Last week I blogged about your Document Retention Policy. As part of that policy, you will set forth an automatic email destruction date. For example, your policy could state that after four years all emails not pulled aside for relative retention reasons will be destroyed. You really don’t need to keep all the thousands and thousands of emails from four years ago related to solicitations, clarifications, confirmations, directions and meetings for beer. It is costing you to keep it. So get rid of it.
The Policy should be understood and followed by all employees, and employees who don’t follow it should be disciplined. Yes, it is that important. The Policy should be periodically audited for compliance and reviewed for legal and technology updates.
Your Document Retention Policy should also deal with “The Litigation Hold.” When litigation is ‘reasonably foreseeable’ you have to put the brakes on any document destruction. As a party to a lawsuit you have a duty to preserve evidence. The Policy should set forth who is in charge of declaring a Litigation Hold and what to do when one is in place.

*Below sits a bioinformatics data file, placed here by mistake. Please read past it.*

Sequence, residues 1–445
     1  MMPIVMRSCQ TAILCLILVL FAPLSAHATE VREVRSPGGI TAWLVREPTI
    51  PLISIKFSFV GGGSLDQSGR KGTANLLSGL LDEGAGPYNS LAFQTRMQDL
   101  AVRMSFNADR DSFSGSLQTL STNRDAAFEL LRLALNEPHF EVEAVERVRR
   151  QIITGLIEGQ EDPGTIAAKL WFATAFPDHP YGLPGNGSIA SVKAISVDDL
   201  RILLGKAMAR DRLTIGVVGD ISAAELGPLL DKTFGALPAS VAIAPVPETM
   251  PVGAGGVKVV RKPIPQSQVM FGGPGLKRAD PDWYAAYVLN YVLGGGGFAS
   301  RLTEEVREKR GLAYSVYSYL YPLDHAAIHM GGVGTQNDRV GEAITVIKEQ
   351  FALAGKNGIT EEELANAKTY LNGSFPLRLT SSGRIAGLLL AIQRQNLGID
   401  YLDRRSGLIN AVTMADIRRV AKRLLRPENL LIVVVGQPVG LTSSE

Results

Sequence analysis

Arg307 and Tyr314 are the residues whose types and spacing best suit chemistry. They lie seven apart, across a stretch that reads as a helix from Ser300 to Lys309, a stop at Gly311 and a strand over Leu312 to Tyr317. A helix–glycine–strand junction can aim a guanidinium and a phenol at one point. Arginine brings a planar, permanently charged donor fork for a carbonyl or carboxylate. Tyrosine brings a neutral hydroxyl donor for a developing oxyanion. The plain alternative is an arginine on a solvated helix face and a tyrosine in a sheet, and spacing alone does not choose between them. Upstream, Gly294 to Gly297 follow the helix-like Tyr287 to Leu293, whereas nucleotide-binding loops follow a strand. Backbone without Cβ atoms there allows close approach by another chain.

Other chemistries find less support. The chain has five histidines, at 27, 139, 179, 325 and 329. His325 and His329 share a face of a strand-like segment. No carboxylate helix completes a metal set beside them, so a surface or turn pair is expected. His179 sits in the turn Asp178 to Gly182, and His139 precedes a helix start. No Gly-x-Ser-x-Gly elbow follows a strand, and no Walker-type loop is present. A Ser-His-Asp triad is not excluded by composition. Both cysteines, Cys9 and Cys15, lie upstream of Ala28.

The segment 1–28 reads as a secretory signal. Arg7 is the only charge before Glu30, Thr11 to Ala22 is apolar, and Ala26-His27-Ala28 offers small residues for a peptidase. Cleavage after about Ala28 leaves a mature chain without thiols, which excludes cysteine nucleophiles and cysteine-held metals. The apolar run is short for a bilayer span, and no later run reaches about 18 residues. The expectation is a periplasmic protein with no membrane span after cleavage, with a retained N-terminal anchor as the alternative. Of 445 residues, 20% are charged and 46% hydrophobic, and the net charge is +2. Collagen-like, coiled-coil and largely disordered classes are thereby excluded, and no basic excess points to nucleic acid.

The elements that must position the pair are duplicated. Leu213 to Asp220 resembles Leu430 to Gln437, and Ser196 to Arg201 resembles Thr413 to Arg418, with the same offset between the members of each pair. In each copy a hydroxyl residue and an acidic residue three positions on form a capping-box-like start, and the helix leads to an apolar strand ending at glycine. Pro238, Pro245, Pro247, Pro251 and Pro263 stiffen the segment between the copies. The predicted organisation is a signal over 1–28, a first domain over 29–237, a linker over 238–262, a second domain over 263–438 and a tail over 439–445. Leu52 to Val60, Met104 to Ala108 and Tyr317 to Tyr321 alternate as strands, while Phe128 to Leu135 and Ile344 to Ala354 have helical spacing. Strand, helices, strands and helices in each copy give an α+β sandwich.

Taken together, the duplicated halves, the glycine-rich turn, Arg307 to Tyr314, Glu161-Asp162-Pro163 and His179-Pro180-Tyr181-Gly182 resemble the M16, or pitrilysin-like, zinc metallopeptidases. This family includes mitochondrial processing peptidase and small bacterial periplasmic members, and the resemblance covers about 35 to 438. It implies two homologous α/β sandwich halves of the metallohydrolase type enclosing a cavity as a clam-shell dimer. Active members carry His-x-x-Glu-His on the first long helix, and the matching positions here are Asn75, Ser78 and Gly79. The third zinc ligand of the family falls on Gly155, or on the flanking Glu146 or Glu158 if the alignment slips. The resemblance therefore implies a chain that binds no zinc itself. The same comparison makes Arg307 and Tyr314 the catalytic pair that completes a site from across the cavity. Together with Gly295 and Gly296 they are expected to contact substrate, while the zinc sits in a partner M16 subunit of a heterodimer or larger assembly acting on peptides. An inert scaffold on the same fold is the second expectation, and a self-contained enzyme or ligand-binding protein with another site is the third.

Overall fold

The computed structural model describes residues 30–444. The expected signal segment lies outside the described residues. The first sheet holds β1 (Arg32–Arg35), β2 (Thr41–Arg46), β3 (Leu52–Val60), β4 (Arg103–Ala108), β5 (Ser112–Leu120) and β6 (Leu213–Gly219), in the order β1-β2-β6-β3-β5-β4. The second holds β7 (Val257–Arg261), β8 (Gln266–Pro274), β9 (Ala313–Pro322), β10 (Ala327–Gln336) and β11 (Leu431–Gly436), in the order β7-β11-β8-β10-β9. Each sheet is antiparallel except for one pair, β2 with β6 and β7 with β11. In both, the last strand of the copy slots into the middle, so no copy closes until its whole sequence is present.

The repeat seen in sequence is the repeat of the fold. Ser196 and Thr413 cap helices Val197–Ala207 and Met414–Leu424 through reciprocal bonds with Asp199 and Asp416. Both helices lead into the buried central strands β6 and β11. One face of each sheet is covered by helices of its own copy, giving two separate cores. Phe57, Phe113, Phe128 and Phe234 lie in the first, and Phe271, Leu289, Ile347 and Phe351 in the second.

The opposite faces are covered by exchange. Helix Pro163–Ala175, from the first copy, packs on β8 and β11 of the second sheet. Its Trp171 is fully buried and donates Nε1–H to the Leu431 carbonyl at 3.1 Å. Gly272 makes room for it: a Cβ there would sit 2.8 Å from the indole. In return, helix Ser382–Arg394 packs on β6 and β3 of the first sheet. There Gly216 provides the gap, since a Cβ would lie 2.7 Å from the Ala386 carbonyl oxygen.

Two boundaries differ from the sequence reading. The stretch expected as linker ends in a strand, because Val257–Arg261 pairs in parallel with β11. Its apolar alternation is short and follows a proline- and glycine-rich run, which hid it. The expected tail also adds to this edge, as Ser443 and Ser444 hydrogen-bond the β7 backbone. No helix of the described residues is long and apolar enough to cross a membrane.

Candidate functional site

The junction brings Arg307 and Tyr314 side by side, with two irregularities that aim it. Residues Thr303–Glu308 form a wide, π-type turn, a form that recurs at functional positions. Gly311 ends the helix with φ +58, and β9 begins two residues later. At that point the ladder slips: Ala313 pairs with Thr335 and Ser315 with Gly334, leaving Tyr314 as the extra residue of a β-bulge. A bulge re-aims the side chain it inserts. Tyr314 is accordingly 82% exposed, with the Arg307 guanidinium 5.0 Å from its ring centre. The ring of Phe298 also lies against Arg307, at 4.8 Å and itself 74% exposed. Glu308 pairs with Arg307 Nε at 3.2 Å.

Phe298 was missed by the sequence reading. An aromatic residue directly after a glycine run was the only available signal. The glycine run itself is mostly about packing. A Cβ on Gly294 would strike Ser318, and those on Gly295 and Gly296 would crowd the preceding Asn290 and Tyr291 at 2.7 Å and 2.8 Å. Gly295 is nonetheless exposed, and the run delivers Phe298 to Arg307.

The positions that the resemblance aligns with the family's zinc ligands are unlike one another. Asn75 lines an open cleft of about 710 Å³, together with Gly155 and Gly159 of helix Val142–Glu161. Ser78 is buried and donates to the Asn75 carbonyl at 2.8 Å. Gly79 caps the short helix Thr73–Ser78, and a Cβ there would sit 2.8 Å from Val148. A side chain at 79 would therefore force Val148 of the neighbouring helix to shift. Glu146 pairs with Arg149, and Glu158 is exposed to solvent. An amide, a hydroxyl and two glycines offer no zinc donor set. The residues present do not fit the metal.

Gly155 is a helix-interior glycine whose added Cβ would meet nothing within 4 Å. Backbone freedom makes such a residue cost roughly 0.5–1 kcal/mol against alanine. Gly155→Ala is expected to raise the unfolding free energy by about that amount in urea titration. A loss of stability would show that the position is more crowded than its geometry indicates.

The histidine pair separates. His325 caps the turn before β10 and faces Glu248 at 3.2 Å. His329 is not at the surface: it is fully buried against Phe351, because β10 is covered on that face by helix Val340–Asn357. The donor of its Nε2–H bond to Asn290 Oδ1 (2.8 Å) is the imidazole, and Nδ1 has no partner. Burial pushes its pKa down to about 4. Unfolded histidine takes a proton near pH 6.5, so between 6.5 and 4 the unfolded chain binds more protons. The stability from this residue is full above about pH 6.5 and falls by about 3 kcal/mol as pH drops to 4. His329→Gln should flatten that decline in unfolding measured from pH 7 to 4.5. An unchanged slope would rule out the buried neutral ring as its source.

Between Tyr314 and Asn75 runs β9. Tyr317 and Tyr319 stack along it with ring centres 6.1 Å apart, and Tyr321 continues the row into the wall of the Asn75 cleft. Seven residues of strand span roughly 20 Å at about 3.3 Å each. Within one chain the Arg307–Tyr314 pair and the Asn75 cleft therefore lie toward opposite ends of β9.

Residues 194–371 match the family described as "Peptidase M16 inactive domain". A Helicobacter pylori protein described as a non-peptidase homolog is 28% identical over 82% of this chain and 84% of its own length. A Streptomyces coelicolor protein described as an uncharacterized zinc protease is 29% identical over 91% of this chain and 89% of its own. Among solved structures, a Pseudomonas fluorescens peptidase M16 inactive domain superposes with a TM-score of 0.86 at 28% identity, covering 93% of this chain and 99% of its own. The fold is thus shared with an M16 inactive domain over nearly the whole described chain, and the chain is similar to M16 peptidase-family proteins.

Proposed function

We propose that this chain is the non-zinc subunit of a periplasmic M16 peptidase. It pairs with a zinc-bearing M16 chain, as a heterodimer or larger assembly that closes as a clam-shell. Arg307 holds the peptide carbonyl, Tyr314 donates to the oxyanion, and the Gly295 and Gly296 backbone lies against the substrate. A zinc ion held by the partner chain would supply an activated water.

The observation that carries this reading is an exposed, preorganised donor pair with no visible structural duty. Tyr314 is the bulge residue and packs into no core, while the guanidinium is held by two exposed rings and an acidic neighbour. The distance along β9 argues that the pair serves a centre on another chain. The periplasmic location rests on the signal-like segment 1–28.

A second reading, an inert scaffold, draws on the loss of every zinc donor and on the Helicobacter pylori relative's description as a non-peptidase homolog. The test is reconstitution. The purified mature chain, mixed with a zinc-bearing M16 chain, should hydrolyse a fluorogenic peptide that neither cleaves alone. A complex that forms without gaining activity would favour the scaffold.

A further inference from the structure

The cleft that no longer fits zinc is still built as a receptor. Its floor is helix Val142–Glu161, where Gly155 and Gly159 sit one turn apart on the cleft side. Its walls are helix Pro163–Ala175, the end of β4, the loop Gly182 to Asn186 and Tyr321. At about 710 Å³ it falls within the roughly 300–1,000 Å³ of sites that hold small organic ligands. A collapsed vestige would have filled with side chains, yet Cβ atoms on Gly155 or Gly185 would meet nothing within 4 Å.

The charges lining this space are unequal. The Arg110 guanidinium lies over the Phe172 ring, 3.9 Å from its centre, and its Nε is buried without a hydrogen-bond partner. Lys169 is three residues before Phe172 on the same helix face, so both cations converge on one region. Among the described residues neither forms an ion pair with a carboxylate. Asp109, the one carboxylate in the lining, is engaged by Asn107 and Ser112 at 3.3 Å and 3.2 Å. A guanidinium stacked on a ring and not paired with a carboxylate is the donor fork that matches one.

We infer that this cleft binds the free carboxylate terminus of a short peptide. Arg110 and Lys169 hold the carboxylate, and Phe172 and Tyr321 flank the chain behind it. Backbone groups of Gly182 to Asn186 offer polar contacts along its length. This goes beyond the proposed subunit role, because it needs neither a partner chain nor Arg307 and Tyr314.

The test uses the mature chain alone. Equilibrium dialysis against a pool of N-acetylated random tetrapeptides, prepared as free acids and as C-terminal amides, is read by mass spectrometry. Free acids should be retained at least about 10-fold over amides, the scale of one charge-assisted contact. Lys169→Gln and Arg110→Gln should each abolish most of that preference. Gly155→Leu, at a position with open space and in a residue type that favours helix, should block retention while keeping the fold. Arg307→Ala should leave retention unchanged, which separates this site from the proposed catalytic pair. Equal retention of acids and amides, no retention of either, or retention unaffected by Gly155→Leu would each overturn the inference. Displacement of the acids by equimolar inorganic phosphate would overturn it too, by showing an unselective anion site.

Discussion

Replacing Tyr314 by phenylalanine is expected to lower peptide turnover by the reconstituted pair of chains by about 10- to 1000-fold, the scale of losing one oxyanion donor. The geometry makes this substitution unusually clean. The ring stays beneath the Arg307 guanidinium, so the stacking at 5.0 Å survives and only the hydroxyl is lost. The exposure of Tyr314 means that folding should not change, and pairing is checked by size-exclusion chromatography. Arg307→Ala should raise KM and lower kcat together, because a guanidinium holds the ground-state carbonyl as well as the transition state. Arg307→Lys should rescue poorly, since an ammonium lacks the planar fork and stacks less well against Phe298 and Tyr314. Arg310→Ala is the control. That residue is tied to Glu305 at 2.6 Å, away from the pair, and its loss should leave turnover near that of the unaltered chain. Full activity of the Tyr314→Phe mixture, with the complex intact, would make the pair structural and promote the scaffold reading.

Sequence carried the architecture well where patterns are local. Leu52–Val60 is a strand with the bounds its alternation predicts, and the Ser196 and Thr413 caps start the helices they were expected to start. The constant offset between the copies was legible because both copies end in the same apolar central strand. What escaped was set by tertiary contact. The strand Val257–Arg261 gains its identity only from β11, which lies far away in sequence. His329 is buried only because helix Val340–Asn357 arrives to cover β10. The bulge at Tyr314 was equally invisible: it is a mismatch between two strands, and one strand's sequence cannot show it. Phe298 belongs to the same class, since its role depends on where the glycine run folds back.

The question then becomes when is litigation reasonably foreseeable? Well, service of lawsuit certainly qualifies. At that point you’ve been sued. But a demand letter or a legitimate verbal threat of litigation is also considered a reasonably foreseeable event, as is any initial investigation by any governmental or law enforcement agency. An incident or accident involving a property or personal injury also qualifies. In such situations, or in similar matters, it is best to consult with your attorney.